The phone rings –and you know.


 


    It was inevitable; you were practically waiting for it.

    But its inevitability rarely makes it any easier. Or maybe it does.

    I’ve gotten both –the expected phone call, the one which comes with its own knowing sigh. Sometimes accompanied by whispers of its blessing.

    And then I’ve received that other type –out of the blue, horrific both in its message and its delivery.
 
    There is no easy way to give bad news, horrible news. Of illness and accident. Of life-altering events. Of life-endings.

    No way to receive those phone calls, either. Silence, disbelief, anger. Grief.

    And the worst of them return to you, with visceral vividness, at the worst of times. Again and again.

    Their memory can be reignited by a glance to a calendar page, a line from a song, the breath of an otherwise gentle breeze. 

    I hate those phone calls. Not only because of the news they bring. Everyone hates bad news. But also, because they hold such power. A ring, the banal tune of a too-chipper ringtone. And then at the other end of the line, awkward phrasing, or incomprehensible utterings choked through tears, or even well-articulated speeches. They all sound the same, the voices usually muted, but the messages blaring.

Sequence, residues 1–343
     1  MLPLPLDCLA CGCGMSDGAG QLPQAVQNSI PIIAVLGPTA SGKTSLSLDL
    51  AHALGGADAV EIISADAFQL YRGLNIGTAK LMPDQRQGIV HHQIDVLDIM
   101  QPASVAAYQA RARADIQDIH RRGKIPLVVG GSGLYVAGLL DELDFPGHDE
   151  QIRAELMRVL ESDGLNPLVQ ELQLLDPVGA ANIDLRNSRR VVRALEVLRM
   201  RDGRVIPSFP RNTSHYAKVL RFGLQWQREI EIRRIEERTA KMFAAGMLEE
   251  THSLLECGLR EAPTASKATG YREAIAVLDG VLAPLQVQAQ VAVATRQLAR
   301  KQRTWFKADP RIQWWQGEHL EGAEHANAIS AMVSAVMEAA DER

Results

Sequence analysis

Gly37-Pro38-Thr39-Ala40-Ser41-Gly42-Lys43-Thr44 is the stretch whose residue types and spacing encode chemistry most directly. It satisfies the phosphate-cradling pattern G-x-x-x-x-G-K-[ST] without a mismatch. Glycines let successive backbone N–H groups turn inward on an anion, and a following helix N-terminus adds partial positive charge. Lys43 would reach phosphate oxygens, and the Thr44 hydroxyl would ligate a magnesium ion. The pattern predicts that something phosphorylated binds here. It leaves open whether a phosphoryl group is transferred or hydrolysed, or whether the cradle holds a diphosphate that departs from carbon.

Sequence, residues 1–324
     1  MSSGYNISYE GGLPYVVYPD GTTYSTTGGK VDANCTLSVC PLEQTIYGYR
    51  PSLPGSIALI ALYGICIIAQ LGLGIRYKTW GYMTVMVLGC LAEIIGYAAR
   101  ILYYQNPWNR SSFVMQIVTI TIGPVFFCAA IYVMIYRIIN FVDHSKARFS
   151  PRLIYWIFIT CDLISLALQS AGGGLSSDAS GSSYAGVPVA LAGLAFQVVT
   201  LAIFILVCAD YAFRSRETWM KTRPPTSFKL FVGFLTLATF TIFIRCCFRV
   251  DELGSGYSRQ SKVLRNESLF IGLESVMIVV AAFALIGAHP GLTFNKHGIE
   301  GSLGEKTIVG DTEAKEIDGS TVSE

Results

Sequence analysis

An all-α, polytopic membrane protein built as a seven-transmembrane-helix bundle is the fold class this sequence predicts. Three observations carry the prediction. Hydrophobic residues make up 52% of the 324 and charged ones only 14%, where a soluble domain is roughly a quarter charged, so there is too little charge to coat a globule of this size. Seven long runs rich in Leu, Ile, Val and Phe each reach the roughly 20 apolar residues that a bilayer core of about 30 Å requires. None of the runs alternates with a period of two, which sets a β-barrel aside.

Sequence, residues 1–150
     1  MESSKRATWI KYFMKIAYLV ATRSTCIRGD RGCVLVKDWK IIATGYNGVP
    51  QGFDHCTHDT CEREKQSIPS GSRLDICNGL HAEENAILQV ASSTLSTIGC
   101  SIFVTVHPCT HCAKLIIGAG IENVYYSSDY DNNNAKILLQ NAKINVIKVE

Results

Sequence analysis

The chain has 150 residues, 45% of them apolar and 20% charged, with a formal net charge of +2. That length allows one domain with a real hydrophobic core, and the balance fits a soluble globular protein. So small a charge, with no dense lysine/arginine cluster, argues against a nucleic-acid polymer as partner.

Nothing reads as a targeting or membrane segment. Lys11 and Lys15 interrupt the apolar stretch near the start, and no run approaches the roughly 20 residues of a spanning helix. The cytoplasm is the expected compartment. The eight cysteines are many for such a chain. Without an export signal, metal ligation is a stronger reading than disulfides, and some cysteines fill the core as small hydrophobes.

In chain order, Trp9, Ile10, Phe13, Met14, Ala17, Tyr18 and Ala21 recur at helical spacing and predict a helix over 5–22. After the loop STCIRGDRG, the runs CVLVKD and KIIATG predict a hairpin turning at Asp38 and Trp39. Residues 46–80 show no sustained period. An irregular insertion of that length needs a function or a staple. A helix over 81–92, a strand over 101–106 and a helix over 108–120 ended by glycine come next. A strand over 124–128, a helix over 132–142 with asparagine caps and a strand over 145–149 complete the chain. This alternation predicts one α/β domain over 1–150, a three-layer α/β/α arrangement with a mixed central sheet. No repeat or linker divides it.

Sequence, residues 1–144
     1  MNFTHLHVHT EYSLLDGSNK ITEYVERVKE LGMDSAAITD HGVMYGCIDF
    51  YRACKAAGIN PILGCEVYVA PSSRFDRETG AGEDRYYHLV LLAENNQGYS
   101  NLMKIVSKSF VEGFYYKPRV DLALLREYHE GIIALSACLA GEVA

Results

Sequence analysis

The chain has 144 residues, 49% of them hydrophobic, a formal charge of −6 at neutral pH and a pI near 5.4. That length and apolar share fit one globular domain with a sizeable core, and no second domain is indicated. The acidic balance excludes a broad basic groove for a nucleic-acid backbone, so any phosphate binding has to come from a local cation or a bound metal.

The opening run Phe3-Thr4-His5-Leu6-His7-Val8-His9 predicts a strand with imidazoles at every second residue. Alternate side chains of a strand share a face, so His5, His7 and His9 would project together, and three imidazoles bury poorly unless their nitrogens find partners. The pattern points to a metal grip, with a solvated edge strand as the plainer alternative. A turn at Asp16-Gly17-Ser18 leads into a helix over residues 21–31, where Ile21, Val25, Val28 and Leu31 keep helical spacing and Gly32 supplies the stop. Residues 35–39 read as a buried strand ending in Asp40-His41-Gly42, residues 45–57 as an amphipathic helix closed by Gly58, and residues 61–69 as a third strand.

In those few minutes, seconds often, everything changes.

    The world is set suddenly atilt, off its axis. Priorities are cataclysmically shifted –forever. Nothing will ever be the same.

    It’s not right and it’s not fair. 

    My friend who probably believes in more than I do asked today –Why do people die too young and why do kids get sick? 

    And she waited for an answer –as if anyone had one.

    It sucks. Way worse than kids. Way worse than all the day-to-day crap in which we all get mired. 

    And often news of it all comes through today’s hyperlinked technology –with lightening speed. In a text message or a Facebook post or an IM or machine message. 

    Or a phone call.

    I hate those phone calls.